The Roman Catholic Diocese of Saskatoon’s new bishop says he is “changed in many ways” after serving the Northwest Territories, parts of Nunavut, and Saskatchewan’s north.
Rev. Mark Hagemoen said the way he sees and approaches pastoral ministry has changed, especially after serving the largely Indigenous population of his former diocese.
“The biggest lesson from the North is to move slowly and relationship-build and meet people, and try to enter into their lives as opposed to bringing preconceptions and judgements as to what’s needed,” he said.
In Saskatoon, he replaces Donald Bolen, who was named as Archbishop of Regina last year.
Born and raised in Vancouver, Hagemoen is new to Saskatoon and southern Saskatchewan, and is taking on a leadership role in the face of some controversy in the Catholic community. Here’s how he plans to approach the issues.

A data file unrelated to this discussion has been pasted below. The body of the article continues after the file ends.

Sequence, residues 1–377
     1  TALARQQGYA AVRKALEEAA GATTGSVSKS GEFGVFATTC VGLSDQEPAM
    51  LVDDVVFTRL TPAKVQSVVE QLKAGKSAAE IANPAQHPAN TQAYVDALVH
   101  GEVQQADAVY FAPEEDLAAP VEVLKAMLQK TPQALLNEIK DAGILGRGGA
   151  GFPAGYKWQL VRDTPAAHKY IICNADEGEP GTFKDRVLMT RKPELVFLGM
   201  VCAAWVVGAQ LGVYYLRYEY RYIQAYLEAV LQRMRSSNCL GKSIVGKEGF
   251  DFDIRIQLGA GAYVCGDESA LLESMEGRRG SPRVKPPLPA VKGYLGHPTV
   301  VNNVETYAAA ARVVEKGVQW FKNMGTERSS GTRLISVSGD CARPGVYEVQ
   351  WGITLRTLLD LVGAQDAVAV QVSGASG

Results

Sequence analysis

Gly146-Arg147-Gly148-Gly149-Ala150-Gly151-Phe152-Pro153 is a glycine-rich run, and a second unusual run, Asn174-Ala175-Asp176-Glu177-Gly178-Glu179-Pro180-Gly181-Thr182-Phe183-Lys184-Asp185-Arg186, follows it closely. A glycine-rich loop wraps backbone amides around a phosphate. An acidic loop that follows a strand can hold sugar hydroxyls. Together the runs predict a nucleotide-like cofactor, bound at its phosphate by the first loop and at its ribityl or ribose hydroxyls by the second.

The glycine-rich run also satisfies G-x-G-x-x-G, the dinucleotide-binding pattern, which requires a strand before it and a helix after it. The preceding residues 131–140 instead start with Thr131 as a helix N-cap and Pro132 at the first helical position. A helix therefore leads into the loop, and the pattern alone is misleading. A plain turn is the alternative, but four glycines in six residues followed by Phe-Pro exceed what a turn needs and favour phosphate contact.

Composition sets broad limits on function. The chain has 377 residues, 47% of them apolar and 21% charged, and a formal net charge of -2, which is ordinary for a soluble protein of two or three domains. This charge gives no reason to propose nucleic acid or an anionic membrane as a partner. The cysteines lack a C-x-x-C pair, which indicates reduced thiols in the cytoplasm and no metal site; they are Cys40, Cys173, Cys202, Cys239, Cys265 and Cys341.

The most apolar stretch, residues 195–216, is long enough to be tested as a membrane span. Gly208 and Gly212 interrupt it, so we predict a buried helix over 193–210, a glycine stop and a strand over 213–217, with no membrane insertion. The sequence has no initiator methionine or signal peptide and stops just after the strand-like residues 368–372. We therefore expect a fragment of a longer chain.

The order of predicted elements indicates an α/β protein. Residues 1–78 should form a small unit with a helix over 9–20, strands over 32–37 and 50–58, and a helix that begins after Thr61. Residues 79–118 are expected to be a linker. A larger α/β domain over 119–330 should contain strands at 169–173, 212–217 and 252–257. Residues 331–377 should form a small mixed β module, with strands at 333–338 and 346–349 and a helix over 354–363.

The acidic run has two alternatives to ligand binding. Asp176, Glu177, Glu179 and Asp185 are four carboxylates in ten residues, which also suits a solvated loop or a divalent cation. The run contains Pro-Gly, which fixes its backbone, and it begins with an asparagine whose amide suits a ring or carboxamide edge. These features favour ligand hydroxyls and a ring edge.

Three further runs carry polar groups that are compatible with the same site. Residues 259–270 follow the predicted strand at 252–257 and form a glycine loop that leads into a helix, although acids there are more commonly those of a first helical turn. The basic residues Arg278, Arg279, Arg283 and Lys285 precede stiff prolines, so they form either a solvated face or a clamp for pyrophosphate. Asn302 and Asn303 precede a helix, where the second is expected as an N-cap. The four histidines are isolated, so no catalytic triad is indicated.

Residential schools apology
Hagemoen’s predecessor spoke to Pope Francis about residential schools and a possible papal visit to Saskatchewan when he met the Pope last March.
A papal visit to the province is unlikely in 2017 or 2018.
“The Holy Father Pope Francis is very sensitive to and responsive to the needs of people, especially people who have been hurt or oppressed or victimized in any way,” Hagemoen said.
“He may have some surprises. So I look forward to that.”
Hagemoen himself learned about reconciliation and healing in his prior post.
“I come from a background where healing may imply you need to fix something, so you do the healing program and move beyond it,” he said.
He said he has learned that for many Indigenous people, healing requires a more holistic approach, and is life-long.
“It will be interesting to determine what that looks like here,” he said.